The southwestern area of the Svydovets massif is part of the Carpathian Biosphere Reserve and four zones are protected areas (zakaznyky) of local and national importance.
The BMF says the Ukrainian authorities are not being transparent about the development of the ski resort.
The lack of involvement of the local population in the project amounts to a clear violation of the Aarhus Convention, which prescribes transparent planning procedures, the BMF says.
Given the lack of public information, residents from the affected village of Lopukhovo filed a lawsuit against the authorities and the case is pending at the Supreme Court of Ukraine.
“However, the Transcarpathian government continues to pursue the project behind the public’s back, preparing the necessary change of land use for the implementation of the project,” the BMF says in its report.
“Moreover, construction of a new road connecting the two districts to the planned Svydovets tourism complex has already begun, before the results of the environmental impact assessment are known.”
The BMF says that, despite the fact that the Svydovets ski resort is officially being promoted as a government project, it is the investors who are in reality steering the process.
“Official documents from the Tyachiv District Administration provide evidence that the company Skorzonera LLC is behind the Svydovets project,” the BMF says in its report.
“Skorzonera is the owner of Bukovel, the largest ski resort in Ukraine at present. The company is currently the object of ongoing investigations by Ukrainian authorities concerning the suspected misappropriation of state funds.”
Those promoting the resort project present it as a cure-all for the “depressed” economic situation and the high unemployment rate in the Transcarpathian region.
It is stated that local residents will be able to create thousands of tourist lodgings in their houses, which would indirectly create another 15,000 jobs in areas close to the resort.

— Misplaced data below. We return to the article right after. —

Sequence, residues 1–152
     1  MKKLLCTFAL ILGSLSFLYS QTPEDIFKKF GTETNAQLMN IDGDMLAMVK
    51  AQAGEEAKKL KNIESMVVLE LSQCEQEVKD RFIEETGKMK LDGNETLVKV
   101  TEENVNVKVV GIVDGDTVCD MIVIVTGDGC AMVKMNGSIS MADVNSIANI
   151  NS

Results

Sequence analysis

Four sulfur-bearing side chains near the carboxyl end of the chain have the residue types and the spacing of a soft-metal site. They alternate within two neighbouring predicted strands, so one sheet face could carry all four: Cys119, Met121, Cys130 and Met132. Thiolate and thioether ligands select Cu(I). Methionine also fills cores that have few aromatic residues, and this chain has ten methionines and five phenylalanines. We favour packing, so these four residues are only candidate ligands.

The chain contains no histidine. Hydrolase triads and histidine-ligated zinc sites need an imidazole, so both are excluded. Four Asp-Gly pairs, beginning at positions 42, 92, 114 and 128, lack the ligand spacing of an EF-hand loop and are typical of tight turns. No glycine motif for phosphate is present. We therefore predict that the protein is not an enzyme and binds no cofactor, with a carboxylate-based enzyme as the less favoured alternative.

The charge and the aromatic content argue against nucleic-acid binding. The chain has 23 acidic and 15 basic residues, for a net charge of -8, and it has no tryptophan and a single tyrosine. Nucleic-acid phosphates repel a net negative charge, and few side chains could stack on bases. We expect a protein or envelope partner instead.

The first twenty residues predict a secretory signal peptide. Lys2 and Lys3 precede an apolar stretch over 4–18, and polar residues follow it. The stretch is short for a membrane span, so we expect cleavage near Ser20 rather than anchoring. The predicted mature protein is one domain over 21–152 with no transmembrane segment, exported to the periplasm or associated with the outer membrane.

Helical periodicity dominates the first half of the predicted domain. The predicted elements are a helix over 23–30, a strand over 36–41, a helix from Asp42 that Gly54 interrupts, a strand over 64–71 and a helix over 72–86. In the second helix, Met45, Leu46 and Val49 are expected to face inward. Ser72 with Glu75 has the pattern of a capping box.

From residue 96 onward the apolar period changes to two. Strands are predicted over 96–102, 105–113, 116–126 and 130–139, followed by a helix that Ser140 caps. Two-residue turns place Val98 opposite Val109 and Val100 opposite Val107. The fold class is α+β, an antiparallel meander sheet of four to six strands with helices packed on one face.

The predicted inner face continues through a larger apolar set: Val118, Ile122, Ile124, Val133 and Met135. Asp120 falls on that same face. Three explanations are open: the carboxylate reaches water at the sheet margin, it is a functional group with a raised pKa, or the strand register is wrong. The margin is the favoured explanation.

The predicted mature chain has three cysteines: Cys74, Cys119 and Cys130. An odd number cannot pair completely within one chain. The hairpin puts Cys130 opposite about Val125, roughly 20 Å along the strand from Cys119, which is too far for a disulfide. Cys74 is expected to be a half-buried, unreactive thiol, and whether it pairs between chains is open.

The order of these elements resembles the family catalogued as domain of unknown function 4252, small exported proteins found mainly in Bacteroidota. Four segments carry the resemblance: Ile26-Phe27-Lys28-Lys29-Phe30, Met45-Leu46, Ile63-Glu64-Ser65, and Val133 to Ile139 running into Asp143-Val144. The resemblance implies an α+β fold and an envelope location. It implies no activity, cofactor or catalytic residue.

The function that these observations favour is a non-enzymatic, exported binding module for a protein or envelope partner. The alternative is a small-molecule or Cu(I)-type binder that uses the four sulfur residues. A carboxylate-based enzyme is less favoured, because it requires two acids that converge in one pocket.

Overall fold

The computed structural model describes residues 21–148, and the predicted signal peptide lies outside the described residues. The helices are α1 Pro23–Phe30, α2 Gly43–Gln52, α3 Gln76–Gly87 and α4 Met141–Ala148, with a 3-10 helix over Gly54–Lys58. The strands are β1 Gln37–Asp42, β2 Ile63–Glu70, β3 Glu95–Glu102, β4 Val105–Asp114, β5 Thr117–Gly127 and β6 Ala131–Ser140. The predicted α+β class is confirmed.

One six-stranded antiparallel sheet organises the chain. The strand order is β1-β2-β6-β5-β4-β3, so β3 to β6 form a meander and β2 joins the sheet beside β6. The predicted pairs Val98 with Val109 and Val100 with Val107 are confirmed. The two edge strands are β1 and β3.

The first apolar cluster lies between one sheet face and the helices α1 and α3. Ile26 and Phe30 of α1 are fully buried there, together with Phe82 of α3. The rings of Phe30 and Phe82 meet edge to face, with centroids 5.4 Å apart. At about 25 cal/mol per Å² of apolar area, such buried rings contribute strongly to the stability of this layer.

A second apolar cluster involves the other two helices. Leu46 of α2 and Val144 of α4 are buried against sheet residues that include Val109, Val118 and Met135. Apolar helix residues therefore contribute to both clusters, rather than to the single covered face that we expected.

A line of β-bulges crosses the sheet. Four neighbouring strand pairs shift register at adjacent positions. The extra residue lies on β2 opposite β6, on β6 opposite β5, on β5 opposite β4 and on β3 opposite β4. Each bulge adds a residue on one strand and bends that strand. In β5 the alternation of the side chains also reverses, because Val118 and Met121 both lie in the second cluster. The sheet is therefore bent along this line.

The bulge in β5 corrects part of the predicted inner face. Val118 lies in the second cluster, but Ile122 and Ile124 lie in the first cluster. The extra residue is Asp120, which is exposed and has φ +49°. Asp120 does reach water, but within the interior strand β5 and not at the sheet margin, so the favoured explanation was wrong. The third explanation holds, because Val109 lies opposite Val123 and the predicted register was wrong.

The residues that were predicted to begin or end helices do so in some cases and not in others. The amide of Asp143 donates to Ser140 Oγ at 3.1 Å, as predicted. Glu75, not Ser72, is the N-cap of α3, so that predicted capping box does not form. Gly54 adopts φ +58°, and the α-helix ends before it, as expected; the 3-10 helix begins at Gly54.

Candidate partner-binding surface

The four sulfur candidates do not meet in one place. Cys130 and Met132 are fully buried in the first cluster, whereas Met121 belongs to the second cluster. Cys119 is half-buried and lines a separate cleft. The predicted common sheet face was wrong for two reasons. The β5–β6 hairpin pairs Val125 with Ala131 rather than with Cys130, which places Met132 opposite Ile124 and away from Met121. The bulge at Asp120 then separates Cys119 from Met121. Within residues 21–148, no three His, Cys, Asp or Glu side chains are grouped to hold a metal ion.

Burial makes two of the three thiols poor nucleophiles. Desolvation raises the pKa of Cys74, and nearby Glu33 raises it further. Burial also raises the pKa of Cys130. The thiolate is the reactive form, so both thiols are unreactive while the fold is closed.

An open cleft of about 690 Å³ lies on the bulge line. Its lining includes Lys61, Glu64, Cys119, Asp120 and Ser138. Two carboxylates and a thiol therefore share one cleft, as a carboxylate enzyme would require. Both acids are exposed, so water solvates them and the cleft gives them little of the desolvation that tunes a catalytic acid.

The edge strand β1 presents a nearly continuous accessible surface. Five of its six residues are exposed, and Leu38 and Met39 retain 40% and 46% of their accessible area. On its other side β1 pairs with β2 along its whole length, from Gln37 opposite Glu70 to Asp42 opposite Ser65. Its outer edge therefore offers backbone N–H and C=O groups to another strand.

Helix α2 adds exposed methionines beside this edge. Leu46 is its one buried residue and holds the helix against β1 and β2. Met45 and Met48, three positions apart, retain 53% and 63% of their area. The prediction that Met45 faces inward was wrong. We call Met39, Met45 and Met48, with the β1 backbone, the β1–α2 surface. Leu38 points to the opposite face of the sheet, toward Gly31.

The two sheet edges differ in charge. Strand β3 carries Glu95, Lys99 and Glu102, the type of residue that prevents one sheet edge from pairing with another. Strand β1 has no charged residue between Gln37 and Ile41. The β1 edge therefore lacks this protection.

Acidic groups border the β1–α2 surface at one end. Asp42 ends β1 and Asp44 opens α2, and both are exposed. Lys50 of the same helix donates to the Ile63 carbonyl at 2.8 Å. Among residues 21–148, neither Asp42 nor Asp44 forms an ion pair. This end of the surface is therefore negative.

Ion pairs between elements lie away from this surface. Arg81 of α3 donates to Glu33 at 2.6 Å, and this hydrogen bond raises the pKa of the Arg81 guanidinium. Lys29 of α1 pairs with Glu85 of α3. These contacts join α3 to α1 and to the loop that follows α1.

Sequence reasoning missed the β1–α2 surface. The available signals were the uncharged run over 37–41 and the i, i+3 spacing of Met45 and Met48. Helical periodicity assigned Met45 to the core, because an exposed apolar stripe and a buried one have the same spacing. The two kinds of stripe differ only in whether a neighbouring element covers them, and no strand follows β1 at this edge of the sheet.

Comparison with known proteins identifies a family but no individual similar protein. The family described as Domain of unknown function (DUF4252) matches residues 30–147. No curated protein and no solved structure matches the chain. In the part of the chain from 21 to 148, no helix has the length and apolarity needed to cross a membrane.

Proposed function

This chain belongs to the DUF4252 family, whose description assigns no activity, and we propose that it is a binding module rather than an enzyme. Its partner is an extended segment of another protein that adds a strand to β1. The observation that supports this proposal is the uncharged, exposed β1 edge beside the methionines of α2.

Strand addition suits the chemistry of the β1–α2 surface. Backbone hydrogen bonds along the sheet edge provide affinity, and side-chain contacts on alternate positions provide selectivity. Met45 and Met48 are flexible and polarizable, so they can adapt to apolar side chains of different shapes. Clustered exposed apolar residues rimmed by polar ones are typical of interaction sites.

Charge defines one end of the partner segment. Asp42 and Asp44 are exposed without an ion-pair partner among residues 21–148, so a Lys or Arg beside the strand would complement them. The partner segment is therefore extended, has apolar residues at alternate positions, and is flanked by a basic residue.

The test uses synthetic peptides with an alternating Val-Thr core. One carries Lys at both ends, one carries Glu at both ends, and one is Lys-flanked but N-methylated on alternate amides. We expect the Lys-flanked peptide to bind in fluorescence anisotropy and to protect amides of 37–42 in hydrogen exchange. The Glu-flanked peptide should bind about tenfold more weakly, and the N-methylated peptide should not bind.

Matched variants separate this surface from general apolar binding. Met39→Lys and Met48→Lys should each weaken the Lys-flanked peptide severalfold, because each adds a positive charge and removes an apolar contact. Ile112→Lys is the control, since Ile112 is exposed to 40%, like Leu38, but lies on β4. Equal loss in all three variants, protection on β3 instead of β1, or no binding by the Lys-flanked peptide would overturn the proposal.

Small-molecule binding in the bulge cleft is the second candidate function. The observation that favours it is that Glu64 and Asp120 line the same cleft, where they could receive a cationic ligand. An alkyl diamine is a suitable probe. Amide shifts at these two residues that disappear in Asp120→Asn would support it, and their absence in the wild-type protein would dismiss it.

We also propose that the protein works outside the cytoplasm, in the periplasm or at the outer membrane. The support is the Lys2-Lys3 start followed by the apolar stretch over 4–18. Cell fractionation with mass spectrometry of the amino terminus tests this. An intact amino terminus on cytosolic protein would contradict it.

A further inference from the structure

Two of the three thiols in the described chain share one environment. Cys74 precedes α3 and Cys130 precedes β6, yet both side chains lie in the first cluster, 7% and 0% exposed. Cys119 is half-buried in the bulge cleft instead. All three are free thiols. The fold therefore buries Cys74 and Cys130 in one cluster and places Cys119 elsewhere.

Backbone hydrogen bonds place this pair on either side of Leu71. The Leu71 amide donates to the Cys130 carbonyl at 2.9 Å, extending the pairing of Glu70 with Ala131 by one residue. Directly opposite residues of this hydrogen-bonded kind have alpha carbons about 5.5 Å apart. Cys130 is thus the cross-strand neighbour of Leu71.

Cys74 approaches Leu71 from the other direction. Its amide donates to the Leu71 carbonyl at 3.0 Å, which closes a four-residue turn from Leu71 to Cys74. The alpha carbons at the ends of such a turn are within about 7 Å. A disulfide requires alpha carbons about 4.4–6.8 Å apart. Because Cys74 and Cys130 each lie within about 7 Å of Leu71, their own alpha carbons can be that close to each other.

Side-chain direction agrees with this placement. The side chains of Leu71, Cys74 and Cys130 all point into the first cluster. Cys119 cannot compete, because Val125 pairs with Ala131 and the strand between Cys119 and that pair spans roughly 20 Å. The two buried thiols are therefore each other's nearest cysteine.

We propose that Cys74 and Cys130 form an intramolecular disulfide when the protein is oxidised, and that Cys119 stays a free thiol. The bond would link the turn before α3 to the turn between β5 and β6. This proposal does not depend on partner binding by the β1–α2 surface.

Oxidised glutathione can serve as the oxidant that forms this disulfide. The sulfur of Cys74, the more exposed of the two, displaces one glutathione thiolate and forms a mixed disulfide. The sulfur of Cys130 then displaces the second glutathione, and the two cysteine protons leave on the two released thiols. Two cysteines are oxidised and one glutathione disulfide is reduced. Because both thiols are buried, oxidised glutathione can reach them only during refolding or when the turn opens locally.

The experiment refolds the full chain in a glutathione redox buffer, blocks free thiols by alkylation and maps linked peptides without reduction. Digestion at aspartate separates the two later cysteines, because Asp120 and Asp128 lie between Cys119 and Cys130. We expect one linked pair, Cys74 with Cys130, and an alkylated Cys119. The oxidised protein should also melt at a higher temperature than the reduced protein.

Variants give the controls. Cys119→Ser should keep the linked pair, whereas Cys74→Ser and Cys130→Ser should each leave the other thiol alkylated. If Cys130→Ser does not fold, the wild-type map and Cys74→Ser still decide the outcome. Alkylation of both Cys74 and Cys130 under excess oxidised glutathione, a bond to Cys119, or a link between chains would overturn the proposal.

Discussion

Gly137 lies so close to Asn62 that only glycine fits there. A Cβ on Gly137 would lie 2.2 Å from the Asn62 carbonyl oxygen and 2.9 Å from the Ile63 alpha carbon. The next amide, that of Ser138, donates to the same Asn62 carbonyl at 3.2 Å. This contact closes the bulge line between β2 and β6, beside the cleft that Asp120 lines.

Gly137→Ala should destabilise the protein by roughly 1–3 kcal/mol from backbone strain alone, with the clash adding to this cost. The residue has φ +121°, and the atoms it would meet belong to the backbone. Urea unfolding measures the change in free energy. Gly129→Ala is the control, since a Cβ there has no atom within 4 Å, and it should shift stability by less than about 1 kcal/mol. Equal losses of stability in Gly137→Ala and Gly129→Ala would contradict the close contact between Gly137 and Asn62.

The BMF says residents of the affected villages, and regional tourism experts, have expressed strong doubts that these promises will be realised. “Experience from the adjacent Bukovel ski resort shows that most jobs are not held by local people,” the fund states in its report.
Experience from other countries with similarly oversized tourist projects in mountain areas, such as in the Pirin National Park in Bulgaria, shows that local people do not adequately benefit from such massive ski resorts, the fund says.
“The big promises about the creation of jobs are unlikely to come true. On the contrary, the local population often loses control over their villages and has to deal with the negative consequences of large-scale infrastructures,” the BMF said.
“These include the privatisation of community land, pollution of drinking water, water shortages, and deterioration of natural resources.”
Last year, 21 NGOs wrote to the then president of Ukraine, Petro Poroshenko, urging him to stop the resort project and to do all in his power to protect the Svydovets massif.
“While we understand the need for jobs in poor rural regions the permanent damage to core ecosystem functions cannot be replaced,” the NGOs said. “Hence there is a need to develop livelihoods that do not create such disturbance.”
The BMF says that, in order to find a solution that is widely accepted and respected in practice, local people from the affected villages should be integrated into the decision-making process.
“Alternative income opportunities should be identified and a strategy for low-impact tourism should be developed in cooperation with the local population.”